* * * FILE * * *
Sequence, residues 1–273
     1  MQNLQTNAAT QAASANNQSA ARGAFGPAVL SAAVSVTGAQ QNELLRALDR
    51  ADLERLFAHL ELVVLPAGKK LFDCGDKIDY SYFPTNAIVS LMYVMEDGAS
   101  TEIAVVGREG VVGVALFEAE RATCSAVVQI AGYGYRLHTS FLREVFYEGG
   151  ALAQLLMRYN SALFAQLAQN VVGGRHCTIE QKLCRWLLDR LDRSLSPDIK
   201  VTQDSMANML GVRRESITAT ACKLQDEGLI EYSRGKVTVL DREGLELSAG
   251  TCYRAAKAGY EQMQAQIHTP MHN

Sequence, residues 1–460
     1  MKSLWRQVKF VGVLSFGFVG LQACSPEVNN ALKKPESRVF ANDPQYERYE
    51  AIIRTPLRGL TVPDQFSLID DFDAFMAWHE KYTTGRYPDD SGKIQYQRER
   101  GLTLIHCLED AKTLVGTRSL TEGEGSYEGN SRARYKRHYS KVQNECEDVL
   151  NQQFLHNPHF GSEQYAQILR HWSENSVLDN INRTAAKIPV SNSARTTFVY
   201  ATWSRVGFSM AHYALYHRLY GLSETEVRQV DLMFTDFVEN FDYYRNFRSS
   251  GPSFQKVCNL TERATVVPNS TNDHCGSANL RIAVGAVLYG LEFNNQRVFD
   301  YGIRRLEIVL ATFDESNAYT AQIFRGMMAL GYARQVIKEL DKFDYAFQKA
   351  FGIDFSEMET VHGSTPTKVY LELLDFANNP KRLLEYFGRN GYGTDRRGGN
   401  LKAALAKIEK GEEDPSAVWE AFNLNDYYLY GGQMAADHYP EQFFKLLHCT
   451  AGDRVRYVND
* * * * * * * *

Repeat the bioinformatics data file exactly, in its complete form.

Sequence, residues 1–273
     1  MQNLQTNAAT QAASANNQSA ARGAFGPAVL SAAVSVTGAQ QNELLRALDR
    51  ADLERLFAHL ELVVLPAGKK LFDCGDKIDY SYFPTNAIVS LMYVMEDGAS
   101  TEIAVVGREG VVGVALFEAE RATCSAVVQI AGYGYRLHTS FLREVFYEGG
   151  ALAQLLMRYN SALFAQLAQN VVGGRHCTIE QKLCRWLLDR LDRSLSPDIK
   201  VTQDSMANML GVRRESITAT ACKLQDEGLI EYSRGKVTVL DREGLELSAG
   251  TCYRAAKAGY EQMQAQIHTP MHN

Sequence, residues 1–460
     1  MKSLWRQVKF VGVLSFGFVG LQACSPEVNN ALKKPESRVF ANDPQYERYE
    51  AIIRTPLRGL TVPDQFSLID DFDAFMAWHE KYTTGRYPDD SGKIQYQRER
   101  GLTLIHCLED AKTLVGTRSL TEGEGSYEGN SRARYKRHYS KVQNECEDVL
   151  NQQFLHNPHF GSEQYAQILR HWSENSVLDN INRTAAKIPV SNSARTTFVY
   201  ATWSRVGFSM AHYALYHRLY GLSETEVRQV DLMFTDFVEN FDYYRNFRSS
   251  GPSFQKVCNL TERATVVPNS TNDHCGSANL RIAVGAVLYG LEFNNQRVFD
   301  YGIRRLEIVL ATFDESNAYT AQIFRGMMAL GYARQVIKEL DKFDYAFQKA
   351  FGIDFSEMET VHGSTPTKVY LELLDFANNP KRLLEYFGRN GYGTDRRGGN
   401  LKAALAKIEK GEEDPSAVWE AFNLNDYYLY GGQMAADHYP EQFFKLLHCT
   451  AGDRVRYVND